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Innovative Solutions: Going Mobile

©UNICEF Ethiopia/2012/Hailu Workeneh
In many countries, getting to school can be a daily challenge. Innovative approaches can turn this around and instead of girls going to school, the school goes to them.

In Tanzania and Zimbabwe, Camfed International and Pearson Education Ltd., through funding from the Department of International Development (DFID) uses mobile technology to create a new equilibrium for girls. The initiative is based on a tested Camfed methodology but it features a number of new interventions. This includes the use of mobile technology to extend learning and networking in rural areas and rolling-out a para-educator mechanism through which school graduates reinvest in the local education system and deliver relevant learning for young people. Over 200,000 marginalized girls are expected to be reached through this program.

In Mongolia, getting to school can be a big challenge. Six year old ‘Erka’ lives with a semi nomadic herder family in the remote Khuvsgul province of Mongolia, a very isolated area that is particularly difficult in winter when the days shorten, temperatures plunge and heavy snow plies up outside.

Luckily, there is a mobile kindergarten nearby that she can attend. Supported by UNICEF, the mobile kindergartens are a unique solution to providing education to the children of nomadic communities in Mongolia. Here children can play, learn and socialise with each other while parents work with the livestock making a living for the family.

“I like to come to the kindergarten,” says Erka. “My favourite poem is about a baby chicken and my favourite song is about getting an excellent mark at school. Yesterday I got an excellent mark for my drawing.”

This is not a small achievement for Erka. At only four months old she contracted polio and was left with a damaged right arm and leg and difficulties. She was abandoned by her mother and adopted by her current parents who now bring her to the kindergarten every day. They couldn’t be happier with her improvements. “Erka has learned to sing, dance and play. She says to me: Daddy please take me to the kindergarten in the morning and don’t forget to pick me up in the afternoon,” says Erka’s father.

The mobile learning facilities are built on UNICEF’s Child-friendly principles providing a safe, healthy, protective and inclusive school environment in which, amongst other essential skills, children learn the values of respect, tolerance and democracy through active learning mythologies. As a result, their presence is breaking harmful social norms and making education more accessible for girls in the communities where they operate.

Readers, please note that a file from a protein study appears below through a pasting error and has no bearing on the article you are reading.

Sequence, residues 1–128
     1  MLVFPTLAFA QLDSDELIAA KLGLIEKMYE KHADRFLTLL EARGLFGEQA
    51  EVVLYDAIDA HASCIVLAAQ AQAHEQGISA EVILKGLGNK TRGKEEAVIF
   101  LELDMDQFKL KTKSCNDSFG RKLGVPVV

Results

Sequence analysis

In Ethiopia, Hassena Ibrahim is a 13 old girl from Amibara Woreda, who is determined to become a teacher and fight against child marriage. Hassena is a student at Sedehafage Full Level Primary School, a mobile school that provides education for children of the pastoralist communities who often move during the draught session.

In addition to everyday classes, Hassena is also attending Girls Mini Media Life skills Clubs. But so far, she is the only girl in her class level. “I think the main cause of female students drop outs is cultural influence. Parents force students to get married before the complete primary school,” said Hassana. “I wish to become a teacher and transform this harmful practice by advocating for girls education for pastoral girls.”

In Rajanpur district in Pakistan, the Transitional School Structures (TSS) built by UNICEF have attracted community support and are bringing more girls to school. The structures were initially built in 2010 to respond to the flooding emergency which paralyzed the already over-burdened education system. Two years later, when the floods again washed out many areas in Pakistan, the TSS were the only un-flooded schools in the affected area.

Farhat, 14, is one of the oldest students at the TSS in Basti Poly village. She is not only one of the brightest in her class but she is a strong activist of girls education. Single-handedly, Farhat recruited all of her friends to attend classes in their temporary school. “The elders have realised that girls should receive education. Thanks to the social mobilizers and members of the youth group, the number of girls in our school has increased,” said Farhat.

Gulnaz Jabeen Khan, education officer at UNICEF, explained that the TSS are highly supported by the community and many of them are constructed on the land donated by the villagers. “The enthusiasm and the will of people of Basti Poli to educate their children, especially girls, is exemplary. It is an indication that people of even such a far off, remote and under privileged area, are realising the urgent need of our time – education for their children,” said Mr. Khan.


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